Soaring Medicine Prices Continue To Impact Patients

This is not the first time NPPA announced such increases. In 2021, the NPPA had announced an increase in Wholesale Price Index (WPI) of 0.53%.
Soaring Medicine Prices Continue To Impact Patients
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Assam and India as a whole is witnessing a steep increase in the prices of medicines which is evidently hurting regular buyers of already expensive medicines for common ailments such as cancer, blood pressure, and diabetes.

The soaring prices have hit the livelihoods of people at a time when the country is reeling from a disastrous pandemic that has claimed thousands of lives.

Last year, the National Pharmaceutical Pricing Authority (NPPA) of India had announced that starting April 1, 2022, the prices of over 850 medicines on the National List of Essential Medicines, will be raised by 10.7% as part of an annual exercise.

This is not the first time NPPA announced such increases. In 2021, the NPPA had announced an increase in Wholesale Price Index (WPI) of 0.53%.

In 2020, it was 1.88%, while in 2019 and 2018 it was 4.26% and 3.43%, respectively. In 2017, the effective increase in WPI was set at 1.97% but in 2016, it was set at (-) 2.71%.

The increase in WPI in 2022 is the highest since the Drug Price Control Order, 2013, came into effect.

According to a survey in Guwahati, the prices of all medicines used to treat fever, infections, diabetes, heart disease, anaemia, high blood pressure, and skin diseases and have rose exponentially.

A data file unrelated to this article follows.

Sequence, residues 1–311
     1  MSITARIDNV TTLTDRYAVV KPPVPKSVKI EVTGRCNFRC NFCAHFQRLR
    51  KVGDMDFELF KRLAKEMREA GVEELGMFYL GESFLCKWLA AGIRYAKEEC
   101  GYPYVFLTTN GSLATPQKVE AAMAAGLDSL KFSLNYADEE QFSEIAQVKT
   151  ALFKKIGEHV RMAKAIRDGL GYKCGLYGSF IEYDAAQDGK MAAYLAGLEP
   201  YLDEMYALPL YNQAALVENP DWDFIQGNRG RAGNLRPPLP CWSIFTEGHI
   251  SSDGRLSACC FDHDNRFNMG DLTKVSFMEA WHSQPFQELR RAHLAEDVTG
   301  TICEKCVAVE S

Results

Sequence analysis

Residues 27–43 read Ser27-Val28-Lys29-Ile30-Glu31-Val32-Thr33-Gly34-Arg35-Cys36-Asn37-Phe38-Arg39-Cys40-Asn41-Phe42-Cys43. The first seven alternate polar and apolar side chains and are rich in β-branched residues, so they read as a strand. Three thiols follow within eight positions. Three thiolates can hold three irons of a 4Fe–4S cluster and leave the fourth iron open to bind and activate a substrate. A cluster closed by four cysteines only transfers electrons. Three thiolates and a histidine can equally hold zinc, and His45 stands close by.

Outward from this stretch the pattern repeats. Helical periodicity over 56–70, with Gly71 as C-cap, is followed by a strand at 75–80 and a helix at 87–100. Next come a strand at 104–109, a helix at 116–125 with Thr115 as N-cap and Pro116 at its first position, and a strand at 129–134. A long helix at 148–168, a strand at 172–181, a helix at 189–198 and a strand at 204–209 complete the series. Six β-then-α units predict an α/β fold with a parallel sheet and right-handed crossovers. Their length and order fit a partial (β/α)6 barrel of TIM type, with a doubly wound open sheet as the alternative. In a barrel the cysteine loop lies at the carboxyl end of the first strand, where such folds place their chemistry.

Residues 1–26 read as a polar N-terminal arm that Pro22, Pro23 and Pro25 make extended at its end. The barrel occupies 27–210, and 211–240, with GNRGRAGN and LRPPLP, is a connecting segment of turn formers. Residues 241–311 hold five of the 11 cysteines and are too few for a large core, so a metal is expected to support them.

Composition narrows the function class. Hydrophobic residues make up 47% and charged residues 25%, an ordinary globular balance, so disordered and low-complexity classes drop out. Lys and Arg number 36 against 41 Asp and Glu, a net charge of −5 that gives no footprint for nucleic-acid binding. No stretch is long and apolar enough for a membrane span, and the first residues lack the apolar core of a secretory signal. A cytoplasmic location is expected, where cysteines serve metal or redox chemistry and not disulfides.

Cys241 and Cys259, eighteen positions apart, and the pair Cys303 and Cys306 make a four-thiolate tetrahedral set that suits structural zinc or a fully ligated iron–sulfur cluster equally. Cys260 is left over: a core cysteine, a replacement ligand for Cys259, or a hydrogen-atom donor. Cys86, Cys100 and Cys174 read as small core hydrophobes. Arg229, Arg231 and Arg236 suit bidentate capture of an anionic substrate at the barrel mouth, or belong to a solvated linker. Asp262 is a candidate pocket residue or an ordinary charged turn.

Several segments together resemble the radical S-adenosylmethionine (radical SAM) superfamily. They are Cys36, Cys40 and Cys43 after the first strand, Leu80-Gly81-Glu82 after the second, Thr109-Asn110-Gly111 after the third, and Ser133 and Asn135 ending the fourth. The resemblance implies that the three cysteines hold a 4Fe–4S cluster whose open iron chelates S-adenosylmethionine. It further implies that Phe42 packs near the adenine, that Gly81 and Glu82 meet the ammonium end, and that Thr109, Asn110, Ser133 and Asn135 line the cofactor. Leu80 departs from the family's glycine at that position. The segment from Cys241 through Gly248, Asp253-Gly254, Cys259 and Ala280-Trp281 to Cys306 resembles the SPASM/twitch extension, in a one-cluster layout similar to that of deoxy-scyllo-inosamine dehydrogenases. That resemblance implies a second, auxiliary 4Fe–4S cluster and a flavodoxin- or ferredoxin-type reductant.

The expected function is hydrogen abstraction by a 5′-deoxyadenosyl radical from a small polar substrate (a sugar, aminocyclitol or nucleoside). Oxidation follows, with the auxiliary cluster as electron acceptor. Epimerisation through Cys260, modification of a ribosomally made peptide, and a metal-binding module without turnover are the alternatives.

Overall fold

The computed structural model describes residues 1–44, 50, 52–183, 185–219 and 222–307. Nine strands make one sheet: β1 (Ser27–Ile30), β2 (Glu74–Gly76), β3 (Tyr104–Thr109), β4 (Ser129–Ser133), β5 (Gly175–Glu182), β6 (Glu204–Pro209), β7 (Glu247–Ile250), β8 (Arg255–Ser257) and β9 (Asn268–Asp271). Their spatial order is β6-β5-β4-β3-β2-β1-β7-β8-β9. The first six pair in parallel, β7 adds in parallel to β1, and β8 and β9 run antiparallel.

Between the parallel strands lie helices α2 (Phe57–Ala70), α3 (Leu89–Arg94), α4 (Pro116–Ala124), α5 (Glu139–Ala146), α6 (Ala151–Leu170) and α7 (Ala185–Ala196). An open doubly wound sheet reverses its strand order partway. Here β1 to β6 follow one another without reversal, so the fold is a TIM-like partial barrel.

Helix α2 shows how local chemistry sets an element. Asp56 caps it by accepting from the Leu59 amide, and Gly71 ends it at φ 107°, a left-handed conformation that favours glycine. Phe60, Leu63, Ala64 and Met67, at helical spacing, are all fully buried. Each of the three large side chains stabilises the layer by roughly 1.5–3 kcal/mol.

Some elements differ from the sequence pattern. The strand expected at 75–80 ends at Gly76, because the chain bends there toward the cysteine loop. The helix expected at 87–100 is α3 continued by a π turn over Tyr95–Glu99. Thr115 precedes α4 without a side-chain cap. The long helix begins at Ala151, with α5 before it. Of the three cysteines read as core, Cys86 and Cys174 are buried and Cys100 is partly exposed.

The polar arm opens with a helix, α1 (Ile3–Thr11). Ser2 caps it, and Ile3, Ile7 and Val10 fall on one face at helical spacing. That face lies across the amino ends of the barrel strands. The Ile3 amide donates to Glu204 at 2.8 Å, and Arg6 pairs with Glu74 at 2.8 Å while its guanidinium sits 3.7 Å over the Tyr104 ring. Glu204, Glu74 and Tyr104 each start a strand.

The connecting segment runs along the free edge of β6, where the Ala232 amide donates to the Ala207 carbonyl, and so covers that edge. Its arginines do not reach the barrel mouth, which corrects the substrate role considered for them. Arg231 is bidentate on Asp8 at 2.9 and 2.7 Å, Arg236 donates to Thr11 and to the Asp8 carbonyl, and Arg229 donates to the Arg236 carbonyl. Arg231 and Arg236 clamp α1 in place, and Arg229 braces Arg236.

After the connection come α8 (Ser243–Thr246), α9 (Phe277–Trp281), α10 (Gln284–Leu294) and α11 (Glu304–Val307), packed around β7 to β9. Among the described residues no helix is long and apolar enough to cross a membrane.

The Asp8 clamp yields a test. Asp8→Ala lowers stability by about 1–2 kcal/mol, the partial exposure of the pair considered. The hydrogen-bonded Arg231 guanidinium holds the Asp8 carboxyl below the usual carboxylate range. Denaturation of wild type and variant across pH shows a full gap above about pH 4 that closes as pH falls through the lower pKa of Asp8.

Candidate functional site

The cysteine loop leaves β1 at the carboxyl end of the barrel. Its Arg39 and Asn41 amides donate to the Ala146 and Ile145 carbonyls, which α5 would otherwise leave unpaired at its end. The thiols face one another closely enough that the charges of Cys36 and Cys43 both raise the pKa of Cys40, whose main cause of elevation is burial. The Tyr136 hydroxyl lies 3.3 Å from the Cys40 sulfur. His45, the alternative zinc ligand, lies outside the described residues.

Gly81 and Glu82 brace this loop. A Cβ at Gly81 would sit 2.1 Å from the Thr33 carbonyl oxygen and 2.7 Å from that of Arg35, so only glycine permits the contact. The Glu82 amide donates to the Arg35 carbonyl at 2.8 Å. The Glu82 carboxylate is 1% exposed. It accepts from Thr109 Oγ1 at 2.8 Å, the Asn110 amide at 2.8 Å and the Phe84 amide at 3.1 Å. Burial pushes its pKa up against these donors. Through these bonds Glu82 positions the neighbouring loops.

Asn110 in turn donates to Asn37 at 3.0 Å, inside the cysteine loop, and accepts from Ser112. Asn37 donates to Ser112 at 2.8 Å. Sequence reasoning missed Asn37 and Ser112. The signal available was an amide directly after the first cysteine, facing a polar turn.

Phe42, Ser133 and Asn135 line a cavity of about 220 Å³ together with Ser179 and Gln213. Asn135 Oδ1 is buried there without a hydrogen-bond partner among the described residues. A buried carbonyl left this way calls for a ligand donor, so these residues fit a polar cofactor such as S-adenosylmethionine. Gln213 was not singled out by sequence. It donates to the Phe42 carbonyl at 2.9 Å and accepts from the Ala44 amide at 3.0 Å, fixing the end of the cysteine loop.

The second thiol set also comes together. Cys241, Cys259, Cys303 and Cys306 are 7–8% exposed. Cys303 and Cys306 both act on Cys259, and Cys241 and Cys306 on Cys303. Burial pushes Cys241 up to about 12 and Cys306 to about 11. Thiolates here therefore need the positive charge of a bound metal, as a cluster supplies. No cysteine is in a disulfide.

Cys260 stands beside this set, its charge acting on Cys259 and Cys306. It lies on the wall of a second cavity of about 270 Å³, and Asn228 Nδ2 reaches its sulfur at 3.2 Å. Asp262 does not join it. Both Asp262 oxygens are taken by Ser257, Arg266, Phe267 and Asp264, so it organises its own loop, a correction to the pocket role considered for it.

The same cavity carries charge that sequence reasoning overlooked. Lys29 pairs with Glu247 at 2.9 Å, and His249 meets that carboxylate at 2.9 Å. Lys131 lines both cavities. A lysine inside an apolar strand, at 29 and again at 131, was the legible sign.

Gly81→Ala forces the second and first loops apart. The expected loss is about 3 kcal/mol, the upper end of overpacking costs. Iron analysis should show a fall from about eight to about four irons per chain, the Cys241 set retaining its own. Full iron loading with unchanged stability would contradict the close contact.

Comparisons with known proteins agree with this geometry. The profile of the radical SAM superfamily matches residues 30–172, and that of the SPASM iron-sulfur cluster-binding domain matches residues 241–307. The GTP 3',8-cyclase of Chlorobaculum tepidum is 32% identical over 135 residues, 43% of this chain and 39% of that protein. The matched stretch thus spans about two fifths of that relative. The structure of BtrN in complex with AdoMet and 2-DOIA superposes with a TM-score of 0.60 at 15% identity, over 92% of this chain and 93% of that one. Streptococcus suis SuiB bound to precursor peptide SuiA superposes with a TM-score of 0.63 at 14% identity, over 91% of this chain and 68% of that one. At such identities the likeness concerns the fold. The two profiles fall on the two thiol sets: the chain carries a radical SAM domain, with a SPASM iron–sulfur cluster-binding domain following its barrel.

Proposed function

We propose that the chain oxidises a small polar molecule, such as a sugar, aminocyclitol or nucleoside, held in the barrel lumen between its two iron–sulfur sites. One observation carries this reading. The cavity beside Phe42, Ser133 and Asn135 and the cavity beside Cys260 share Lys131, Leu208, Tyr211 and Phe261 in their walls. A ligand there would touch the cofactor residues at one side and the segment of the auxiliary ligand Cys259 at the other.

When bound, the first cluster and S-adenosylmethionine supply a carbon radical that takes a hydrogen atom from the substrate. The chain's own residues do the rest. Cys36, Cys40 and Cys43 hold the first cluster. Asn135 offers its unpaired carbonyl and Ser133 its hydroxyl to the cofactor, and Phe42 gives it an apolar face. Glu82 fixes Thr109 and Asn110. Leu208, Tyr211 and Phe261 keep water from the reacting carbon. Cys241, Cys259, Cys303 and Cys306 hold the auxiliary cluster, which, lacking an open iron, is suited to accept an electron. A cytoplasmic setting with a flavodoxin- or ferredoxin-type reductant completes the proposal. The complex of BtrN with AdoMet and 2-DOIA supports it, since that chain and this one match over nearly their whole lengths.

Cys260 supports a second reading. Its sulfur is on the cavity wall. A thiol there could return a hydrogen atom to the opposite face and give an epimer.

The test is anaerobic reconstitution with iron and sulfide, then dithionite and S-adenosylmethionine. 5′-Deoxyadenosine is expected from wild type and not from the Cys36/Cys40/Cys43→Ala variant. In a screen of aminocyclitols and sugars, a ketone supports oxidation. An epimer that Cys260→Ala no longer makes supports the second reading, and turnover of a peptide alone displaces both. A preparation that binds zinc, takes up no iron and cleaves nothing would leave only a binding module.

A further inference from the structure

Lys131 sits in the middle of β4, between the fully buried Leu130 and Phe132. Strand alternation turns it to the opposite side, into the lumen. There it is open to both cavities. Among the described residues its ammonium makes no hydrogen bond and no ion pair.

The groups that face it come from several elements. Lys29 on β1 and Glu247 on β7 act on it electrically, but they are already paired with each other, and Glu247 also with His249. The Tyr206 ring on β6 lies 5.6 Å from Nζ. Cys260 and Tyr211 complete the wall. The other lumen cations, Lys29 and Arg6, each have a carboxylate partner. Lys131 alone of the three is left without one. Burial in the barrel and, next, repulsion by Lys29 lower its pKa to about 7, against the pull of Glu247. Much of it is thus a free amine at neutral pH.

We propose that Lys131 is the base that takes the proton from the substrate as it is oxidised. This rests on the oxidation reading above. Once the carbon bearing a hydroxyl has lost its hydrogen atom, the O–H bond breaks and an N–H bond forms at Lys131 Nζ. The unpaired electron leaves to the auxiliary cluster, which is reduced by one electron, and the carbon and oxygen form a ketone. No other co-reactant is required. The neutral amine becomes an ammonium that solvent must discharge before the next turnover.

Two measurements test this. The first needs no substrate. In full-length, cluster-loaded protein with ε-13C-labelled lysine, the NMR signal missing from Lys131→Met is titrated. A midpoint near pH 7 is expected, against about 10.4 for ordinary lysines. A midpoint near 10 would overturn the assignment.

The prices of medicines for fever, kidney and vitamin have increased by 20%, 10% 15% respectively.

The cost of drugs used to treat diabetes have increased by 20% with the insulin, a key component in the treatment of diabetes, alone witnessing a price hike of 10%.

Further, it was found that medicines for pressure have also increased by 10%. Cough Syrups have also witnessed a price hike of 15%.

Some of these medicines are –

Glycomet (for diabetes) - previously costed Rs. 95, now Rs. 106.

Pan-D (for gas) - previously costed Rs. 10, now Rs. 12.50.

Udiliv (for liver) - The price shot up from Rs. 641 to Rs. 694.

Novomix 30 penfill (Insulin) - from Rs. 730 to Rs.774.

GTN Arbitrate – CR 2.6 (for heart) - increased from Rs. 185 to Rs. 207.

Additionally, the prices of various oinments for skin diseases have also soared effectively. It may be mentioned that the price hike in medicines have been consistent every two months, according to a report.

On being asked about the price hike, a medicine seller in Guwahati said, “We have no choice as we are retailers. If we get the medicines at a higher price from wholesalers, we will have to sell it at higher price as well. Sometimes we do give discounts but with the prices increasing almost every month, it gets difficult.”

Meanwhile, drugmakers have claimed that the increase in prices of raw materials as well as transportation have caused the prices of medicines to spike. They also acknowledged the increase in prices of production costs over the years.

Additionally, the prevailing pandemic and the ongoing Russia-Ukraine war have also impacted the economic sector, resulting in the increase in prices of essential commodities, they claimed.

It is evident that lifesaving medicines will cost more for the patients from now on but pharmaceutical companies argue that the increase in drugs is in the larger interest of patients.

“The price hike is certainly going to affect the patients, but there is also a business aspect involved in the manufacturing of drugs,” an official said.

“It was important to revise the prices to prevent the shortage of drugs in the market, which is already greatly affected due to the pandemic and now the ongoing Russia-Ukraine war,” he added.

“The manufacturing costs have been greatly impacted by multiple factors and the increased prices under the purview of the government enables pharmaceutical companies to control the same,” he further said.

Also Read: Assam CM Served Death Sentences To 42 People: Bhupen Borah

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